exonuclease, by applying an electric field across the reaction
chamber containing the immobilized DNA-exonuclease complex.
In an alternative embodiment, a single exonuclease molecule can be
bound to the DNA under appropriate conditions prior to introduction
of such a stable DNA-exonuclease complex into microchannel 72.
5.2.3. COFACTOR "TRIGGERING" OF REACTION
In a preferred aspect of the invention, exonuclease digestion
commences after removal of residual enzyme by introduction of a
required enzyme cofactor into the reaction sample. Such a cofactor
is preferably a divalent cation such as magnesium. Thus, for
example, an amount of MgCl.sub.2 necessary for exonuclease activity
is withheld during the binding of enzyme and removal of excess
enzyme (e.g., by chelation with EDTA), but is then introduced in
order to start exonuclease digestion and resultant sequential
release of nucleotides.
It will also be recognized by those skilled in the art that
exonucleases whose catalytic activity cannot be completely
regulated as described supra can also be utilized in the present
invention. In such cases, the exonuclease is bound to the DNA under
conditions of minimal catalytic activity (e.g, low temperature or
non-optimal pH) and the resulting DNA-exonuclease complex is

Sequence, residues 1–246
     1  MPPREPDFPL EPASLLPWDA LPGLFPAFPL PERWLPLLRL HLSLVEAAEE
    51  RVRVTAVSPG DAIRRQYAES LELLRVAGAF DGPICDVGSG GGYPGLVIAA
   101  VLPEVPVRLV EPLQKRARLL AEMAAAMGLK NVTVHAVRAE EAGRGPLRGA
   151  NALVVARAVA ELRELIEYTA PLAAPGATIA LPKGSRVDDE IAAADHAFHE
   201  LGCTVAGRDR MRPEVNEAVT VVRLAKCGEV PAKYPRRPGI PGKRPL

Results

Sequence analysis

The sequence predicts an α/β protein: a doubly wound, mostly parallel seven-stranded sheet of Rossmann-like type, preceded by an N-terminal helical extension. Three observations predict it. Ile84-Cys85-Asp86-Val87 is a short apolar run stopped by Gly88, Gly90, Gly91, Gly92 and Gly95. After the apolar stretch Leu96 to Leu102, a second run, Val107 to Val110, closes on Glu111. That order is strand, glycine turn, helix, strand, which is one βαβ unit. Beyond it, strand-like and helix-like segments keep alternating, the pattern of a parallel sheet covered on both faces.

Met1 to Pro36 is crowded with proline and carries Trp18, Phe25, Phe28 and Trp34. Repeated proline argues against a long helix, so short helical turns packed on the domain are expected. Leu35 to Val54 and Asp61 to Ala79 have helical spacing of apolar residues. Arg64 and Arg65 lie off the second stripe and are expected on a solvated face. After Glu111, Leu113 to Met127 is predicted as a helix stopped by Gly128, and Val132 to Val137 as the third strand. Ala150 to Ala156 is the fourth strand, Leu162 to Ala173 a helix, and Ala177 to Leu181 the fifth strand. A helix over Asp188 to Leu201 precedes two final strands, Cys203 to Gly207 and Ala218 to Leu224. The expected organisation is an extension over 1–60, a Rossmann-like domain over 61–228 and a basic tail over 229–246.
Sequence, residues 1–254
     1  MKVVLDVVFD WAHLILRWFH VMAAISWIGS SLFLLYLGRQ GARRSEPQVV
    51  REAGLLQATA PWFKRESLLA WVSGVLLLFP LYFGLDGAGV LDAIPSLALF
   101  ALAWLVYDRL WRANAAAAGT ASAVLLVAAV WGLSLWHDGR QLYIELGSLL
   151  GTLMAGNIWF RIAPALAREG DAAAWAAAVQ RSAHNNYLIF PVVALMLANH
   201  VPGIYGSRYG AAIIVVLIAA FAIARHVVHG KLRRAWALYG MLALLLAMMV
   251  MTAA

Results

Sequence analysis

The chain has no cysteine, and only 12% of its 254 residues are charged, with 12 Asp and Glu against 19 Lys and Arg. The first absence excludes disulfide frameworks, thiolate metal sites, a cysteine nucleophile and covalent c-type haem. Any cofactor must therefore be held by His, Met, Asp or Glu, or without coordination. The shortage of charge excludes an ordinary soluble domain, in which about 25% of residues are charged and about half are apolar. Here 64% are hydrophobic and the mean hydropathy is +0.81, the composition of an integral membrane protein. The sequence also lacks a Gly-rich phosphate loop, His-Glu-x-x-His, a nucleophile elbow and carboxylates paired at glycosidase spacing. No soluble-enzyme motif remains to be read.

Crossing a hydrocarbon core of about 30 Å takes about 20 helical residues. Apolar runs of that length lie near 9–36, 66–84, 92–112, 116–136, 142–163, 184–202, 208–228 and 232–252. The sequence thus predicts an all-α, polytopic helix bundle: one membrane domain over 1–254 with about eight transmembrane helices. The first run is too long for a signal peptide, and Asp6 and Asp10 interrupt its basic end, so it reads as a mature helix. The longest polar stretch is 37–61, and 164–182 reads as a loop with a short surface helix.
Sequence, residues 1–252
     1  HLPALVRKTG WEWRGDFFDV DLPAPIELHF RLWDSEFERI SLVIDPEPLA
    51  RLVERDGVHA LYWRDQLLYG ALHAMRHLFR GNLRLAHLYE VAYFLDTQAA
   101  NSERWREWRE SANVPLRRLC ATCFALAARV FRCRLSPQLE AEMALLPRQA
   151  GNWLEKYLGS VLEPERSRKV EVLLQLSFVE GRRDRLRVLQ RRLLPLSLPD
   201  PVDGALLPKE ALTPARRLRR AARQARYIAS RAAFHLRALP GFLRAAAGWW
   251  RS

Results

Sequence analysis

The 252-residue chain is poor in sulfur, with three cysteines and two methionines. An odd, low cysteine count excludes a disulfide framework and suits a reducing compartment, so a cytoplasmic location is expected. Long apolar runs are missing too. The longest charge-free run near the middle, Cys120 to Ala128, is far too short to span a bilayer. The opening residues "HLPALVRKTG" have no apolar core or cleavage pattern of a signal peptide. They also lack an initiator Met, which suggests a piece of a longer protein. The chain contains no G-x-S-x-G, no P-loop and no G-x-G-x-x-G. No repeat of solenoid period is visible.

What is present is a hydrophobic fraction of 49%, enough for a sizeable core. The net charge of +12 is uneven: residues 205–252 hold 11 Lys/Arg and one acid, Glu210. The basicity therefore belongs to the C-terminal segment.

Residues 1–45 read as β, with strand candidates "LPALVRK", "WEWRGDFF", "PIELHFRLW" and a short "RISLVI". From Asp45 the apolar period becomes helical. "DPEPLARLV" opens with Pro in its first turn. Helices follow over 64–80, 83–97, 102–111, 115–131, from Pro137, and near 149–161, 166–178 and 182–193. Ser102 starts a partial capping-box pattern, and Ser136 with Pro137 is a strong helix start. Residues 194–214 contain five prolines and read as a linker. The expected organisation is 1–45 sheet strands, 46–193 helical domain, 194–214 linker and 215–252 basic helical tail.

prepared and positioned for sequencing as rapidly as possible so as
to minimize the number of nucleotides which are cleaved during
these steps. Once positioned, the DNA-exonuclease complex is then
exposed to optimal conditions for exonuclease activity by
increasing the temperature using heater 73 or by altering chemical
conditions of the sample stream 71.
5.2.4. RESTARTING EXONUCLEASE DIGESTION
In a preferred. aspect, care is taken during the processing of DNA
prior to exonuclease digestion so as to avoid defects in the DNA
such as breaks, nicks, apurinic or apyrimidinic sites, or chemical
modifications that may interfere with enzyme activity and/or the
uniform sequential release of nucleotides. However, since such
defects can sometimes be unavoidable, in the event that nucleotide
release halts prematurely, either due to the presence of such a
defect or due to dissociation of the enzyme or loss of activity,
exonuclease digestion can be restarted by carrying out the
following steps: a washing/removal step (to remove interfering
impurities, the cofactor "trigger", etc.) (which can be
accomplished, e.g. electrophoretically), introduction of reaction
components (i.e., the appropriate buffer, reducing agent) minus
cofactor, introduction and binding to the DNA of a fresh sample of
exonuclease, removal of excess unbound enzyme, and re-introduction
of the necessary cofactor (e.g., MgCl.sub.2). The exonuclease
reaction should then commence, but if the DNA defect is such as to
prevent such "restarting", sequencing should be attempted on a
fresh molecule of substrate DNA.
5.3. TRANSPORT SYSTEM & MATRIX ENTRAINMENT
In general, there are two distinct classes of transport system
which can be used with the present invention. The preferred
embodiment is a transport system which provides a continuous